Others spent time at orphanages like the Neema House and the Riruta Shade for Orphaned Children to bring some joy to children often overlooked by the society. They planted trees in the compounds, brought books, mattresses, food and toys, and played with the children.

It is more than a diversion for the staff at such facilities who appreciate the help but the greatest reward is to put a smile on a child’s face.

Last but not least, students made donations to the hospitals in which they were placed by buying equipment and supplies including thermometers, gloves, blood pressure machines and even donating clothing for the newborn babies.

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Rafting the Rapids

One morning not too long ago I found myself bumping along a rutted track in the back of a lorry. I was sitting in an inflatable raft with two other first-timers staring at the distant hills in the cool, still air. We were about to embark on an adventure – white-water rafting on the Tana River. The lorry stopped and everyone jumped out. The crew helped us carry the raft down to the bank. Shivering with excitement (or was that just me?) we pushed off, our paddles rhythmically cutting through the water.

The three-hour trip downriver is a study in extremes beginning with still water where you can take in the surroundings as you row, row, row your boat. The temptation to paddle harder to get to the more exciting part is great. But once your arms start getting tired, you’ll finally notice the birds singing in the trees and reeds or how a leaf barely touching the water makes the most intriguing swirls on the surface. You might even be lulled into a false calm when you suddenly come to the exciting bit. It is white-water rafting after all. You will get soaked to the skin, and you will love it.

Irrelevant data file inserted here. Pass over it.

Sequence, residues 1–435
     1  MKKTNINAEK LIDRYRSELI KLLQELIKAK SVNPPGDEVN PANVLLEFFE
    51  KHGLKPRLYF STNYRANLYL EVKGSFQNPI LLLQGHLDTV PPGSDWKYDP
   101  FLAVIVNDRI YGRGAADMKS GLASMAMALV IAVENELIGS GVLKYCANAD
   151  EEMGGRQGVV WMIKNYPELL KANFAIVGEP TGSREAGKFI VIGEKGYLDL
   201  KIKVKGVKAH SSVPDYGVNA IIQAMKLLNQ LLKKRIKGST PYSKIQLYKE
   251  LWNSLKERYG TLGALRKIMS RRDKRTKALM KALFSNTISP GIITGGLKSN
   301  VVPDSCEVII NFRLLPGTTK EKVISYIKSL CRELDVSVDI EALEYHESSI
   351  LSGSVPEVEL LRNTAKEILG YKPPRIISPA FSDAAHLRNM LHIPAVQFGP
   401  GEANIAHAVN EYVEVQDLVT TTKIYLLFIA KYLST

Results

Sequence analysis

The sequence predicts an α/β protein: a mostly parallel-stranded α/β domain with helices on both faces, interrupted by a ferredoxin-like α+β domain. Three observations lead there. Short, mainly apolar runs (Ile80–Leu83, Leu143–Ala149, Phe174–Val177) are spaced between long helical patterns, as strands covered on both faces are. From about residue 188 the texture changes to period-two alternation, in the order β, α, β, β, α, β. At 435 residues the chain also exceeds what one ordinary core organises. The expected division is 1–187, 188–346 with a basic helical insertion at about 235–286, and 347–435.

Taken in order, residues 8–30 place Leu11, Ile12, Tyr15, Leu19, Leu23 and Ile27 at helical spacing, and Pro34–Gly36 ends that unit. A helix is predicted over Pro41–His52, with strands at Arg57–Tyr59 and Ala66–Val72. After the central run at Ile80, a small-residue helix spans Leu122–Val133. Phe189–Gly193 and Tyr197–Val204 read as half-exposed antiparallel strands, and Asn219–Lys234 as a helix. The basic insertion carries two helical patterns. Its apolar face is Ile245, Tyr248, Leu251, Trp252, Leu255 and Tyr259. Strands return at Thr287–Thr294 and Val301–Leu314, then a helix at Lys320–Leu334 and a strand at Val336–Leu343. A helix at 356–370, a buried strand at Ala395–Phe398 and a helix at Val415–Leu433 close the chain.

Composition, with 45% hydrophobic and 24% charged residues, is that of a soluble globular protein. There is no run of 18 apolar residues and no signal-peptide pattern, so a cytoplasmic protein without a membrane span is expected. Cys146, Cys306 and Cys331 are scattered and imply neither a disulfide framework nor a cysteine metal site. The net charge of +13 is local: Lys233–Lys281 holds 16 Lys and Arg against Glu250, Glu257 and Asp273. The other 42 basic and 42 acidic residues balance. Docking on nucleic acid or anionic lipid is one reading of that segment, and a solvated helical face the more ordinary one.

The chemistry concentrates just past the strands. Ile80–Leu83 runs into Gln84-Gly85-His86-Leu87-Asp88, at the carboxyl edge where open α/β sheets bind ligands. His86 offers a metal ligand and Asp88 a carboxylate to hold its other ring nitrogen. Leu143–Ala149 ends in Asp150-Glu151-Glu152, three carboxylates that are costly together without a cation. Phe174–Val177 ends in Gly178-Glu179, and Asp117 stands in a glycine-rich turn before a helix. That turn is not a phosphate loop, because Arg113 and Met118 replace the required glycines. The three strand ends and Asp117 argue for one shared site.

A great day out close to Nairobi, Rapids Camp offers options for seekers of the adrenalin rush. With grade 3 – 5 rapids on Tana River, there is just enough action without the experience being too technical for the novice. Other activities include kayaking, river trekking, rock climbing, and bungee jumping. And for those who want to spend the night and sample more of what the place has on offer is a beautiful campsite.

When I asked Abdul and Salma why they chose to spend their Saturday in this way, they joked that it was because they were crazy. But there is something about stepping outside your daily normal that makes you feel more alive.